A former AFRO paperboy who went on to serve 30 years in the Navy hopes to complete his memoirs in the new year.

Master Chief Electrician (ret.) Matthew Jones Jr.’s story, as told to the AFRO, starts in the integrated community of Crestas Terrace, a historic suburb of Pennsylvania, then takes him to the southernmost extreme of the United States and then across the globe offshore from Vietnam.

Matthew Jones’ Boot Camp picture. (Courtesy photo)

Kicked out of his home by his father, Jones enlisted in the US Navy on Christmas Eve 1947. Arriving at Great Lakes Naval Recruit Training Command, Jones discovered that he was one of only three Blacks in his company, and by the time he was enrolled in Electrician’s Mate A School, he was the only one in his class.

The now-88-year-old recalls one particular night when he was tending to his duties in the barracks and heard two White sailors approach, drunk and disorderly after their return from liberty.

Matthew Jones’ retirement from the Navy picture. (Courtesy photo)

“Where’s that ni–er?” one reportedly asked.

Jones quickly went to a Coke machine and recovered two empty glass bottles. Smashing their ends off, he confronted the pair and challenged, “Which one of you motherf—krs want to die?”

Shore patrol arrived soon after and delivered the trio to captain’s mast, a pre-court martial tribunal, the next morning.

Former President Harry S. Truman signed Executive Order 9981, which abolished discrimination in the Armed Forces, on July 26, 1948, but this captain’s mast was the first Jones has heard of the law. His captain, addressing the discriminatory incidents, reportedly said, “I will not have any more of this crap that you guys are doing; I will make this thing work.”

Jones finished his training as part of a generation of sailors that served almost their entire careers in an integrated Navy. The confrontation was the second to last time he was hit with the n-word slur in the Navy. The final instance was at US Naval Air Station in Key West, Fla., still deep in the segregated South. Jones served for 30 years, and was even called upon as a leader to quell racial unrest while at sea, albeit though significantly more peaceful means.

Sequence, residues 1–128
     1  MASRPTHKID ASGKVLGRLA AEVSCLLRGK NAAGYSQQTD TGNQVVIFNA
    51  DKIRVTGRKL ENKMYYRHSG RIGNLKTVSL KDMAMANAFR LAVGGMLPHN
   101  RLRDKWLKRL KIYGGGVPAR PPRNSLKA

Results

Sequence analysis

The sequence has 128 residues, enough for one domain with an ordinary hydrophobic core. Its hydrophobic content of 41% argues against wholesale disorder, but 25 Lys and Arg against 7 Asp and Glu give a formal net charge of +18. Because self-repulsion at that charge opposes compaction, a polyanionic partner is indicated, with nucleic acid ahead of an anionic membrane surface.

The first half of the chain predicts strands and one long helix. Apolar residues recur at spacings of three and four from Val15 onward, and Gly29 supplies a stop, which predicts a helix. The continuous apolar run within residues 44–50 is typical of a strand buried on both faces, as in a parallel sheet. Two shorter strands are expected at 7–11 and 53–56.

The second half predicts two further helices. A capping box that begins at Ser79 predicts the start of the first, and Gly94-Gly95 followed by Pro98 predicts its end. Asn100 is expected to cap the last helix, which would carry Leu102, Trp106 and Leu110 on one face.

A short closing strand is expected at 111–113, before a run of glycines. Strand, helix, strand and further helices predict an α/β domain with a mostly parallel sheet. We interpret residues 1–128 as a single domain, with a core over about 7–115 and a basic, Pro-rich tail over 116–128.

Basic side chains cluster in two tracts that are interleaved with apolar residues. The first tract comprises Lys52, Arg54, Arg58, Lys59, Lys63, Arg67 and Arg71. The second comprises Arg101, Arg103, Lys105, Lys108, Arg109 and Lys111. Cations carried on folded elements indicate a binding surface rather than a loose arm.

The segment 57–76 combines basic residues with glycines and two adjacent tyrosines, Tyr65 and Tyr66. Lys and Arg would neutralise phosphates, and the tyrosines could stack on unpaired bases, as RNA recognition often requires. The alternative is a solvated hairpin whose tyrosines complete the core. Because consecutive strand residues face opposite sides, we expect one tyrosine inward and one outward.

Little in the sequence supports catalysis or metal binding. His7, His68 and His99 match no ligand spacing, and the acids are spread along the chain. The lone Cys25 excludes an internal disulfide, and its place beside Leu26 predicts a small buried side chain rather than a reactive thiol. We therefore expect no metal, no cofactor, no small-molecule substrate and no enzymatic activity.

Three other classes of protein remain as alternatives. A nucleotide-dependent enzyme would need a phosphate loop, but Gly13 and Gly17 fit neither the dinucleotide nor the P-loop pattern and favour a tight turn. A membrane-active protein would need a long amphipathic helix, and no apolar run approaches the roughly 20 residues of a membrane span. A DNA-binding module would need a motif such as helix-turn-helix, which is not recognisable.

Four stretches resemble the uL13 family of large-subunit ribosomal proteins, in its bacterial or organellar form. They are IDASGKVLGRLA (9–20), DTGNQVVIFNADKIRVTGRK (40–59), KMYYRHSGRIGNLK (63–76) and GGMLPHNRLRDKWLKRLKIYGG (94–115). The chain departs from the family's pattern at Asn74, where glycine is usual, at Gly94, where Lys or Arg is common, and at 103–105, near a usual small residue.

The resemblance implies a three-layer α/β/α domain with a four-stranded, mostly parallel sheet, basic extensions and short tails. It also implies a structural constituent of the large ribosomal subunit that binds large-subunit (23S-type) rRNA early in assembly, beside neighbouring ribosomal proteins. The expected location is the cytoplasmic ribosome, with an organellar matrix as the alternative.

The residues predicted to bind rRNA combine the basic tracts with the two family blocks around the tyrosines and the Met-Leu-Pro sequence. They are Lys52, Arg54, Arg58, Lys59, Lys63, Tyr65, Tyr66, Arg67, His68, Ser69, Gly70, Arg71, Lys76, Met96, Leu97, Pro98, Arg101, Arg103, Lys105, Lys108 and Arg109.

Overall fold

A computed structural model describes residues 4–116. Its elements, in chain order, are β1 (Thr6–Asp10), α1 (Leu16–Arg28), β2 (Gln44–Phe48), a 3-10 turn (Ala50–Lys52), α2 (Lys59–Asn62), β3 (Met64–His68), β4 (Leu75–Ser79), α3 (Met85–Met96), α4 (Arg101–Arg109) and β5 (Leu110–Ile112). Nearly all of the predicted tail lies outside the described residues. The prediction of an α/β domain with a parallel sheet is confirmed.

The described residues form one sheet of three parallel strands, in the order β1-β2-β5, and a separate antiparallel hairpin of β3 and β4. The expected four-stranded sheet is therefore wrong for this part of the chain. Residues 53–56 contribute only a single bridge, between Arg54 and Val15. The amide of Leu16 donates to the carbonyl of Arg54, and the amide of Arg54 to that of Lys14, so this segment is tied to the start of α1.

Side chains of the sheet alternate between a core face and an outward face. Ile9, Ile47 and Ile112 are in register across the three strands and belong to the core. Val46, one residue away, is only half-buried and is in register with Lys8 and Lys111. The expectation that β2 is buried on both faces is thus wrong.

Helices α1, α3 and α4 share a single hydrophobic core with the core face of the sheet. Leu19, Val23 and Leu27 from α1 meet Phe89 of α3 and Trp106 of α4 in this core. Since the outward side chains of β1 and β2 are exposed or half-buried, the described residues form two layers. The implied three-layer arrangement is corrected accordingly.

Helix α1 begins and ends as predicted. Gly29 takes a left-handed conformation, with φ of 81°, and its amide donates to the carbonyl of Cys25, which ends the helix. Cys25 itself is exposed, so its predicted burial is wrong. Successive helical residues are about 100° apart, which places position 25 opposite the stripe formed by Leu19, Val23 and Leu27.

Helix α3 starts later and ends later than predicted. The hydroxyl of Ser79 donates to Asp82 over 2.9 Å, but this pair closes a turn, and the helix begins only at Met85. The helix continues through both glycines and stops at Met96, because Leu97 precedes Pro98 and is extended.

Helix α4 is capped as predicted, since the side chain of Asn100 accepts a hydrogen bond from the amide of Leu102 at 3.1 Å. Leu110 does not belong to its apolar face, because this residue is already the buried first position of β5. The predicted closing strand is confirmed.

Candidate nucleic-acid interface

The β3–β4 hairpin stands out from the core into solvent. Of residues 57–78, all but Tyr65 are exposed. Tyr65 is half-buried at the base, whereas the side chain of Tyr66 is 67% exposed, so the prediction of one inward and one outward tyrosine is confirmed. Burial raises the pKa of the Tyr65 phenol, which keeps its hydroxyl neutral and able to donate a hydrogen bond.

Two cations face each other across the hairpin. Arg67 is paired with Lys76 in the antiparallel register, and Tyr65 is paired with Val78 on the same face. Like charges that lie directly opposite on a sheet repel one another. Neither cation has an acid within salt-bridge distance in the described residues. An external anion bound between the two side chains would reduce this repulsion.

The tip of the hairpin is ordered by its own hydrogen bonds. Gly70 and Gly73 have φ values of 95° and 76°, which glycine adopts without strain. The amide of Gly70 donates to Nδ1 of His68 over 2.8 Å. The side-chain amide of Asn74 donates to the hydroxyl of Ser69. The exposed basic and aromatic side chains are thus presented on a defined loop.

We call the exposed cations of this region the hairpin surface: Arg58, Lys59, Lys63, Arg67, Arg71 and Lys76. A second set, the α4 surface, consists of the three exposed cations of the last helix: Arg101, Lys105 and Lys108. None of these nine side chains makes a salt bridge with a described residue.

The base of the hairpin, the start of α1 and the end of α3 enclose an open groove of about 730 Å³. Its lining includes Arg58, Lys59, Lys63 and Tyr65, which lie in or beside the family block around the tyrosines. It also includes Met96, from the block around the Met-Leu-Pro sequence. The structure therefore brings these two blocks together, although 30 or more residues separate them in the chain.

Race riots aboard ships were of real concern to naval command and sailors, alike. Jones’ younger brother Cornell was serving on the USS Kitty Hawk, which was taken out of service by an October 1972 riot led by Blacks. The Vietnam War ended before the ship could be returned to duty.

Likewise, during that time of racial unrest in the U.S., tensions also were mounting on Jones’ ship the USS Pyro. A Nitro-class ammunition ship, the Pyro serviced the Kitty Hawk and many other vessels of the US Seventh Fleet stationed at Point Yankee off the coast of Vietnam.

Word of Black Power leaders Huey Newton and Angela Davis had reached Jones and his shipmates at sea. As Jones recalled of one incident, Adm. Samuel L. Gravely Jr., the first Black ship commander, first Black fleet commander and first Black flag officer, was approaching the ship when he was greeted by radicals on the ship’s side.

“They had black gloves on their fists hollering ‘Black Power! Black Power!’” Jones said.

The radicals later struck and refused to complete their duties. Jones was summoned by the captain and given the task of resolving the conflict. After finding the sailors’ work environment more in line with their civilian experience back home, Jones took steps to create a culture on ship that welcomed Blacks. Issues of Jet and Ebony were stocked in the lounge libraries, Black hair care products were stocked in the ship’s store and the ship’s mess began a rotation of meals reflecting  the ethnicities of the crew: Italian, Polish and Black, for example.

“I only had two Black people working for me and I never worked for a Black officer,” Jones said. “It was normal for me to learn how to deal with all these different people from all over the country, who came in from Mississippi and Brooklyn and stuff like that. I learned the skill of how to get along with people and how to make people get along with each other and I still do that in life now.”

After his second tour in Vietnam, Jones came to Washington, D.C., and found himself on the other side of the recruiting desk. When he retired from the Navy, he returned to newspapers and found himself in charge of a paper route for The Evening Star and security for The Washington Post.

Jones, with the assistance of his friend Jim MacDonald, is compiling all his stories in one larger work that he hopes to publish by Jan. 1, 2018.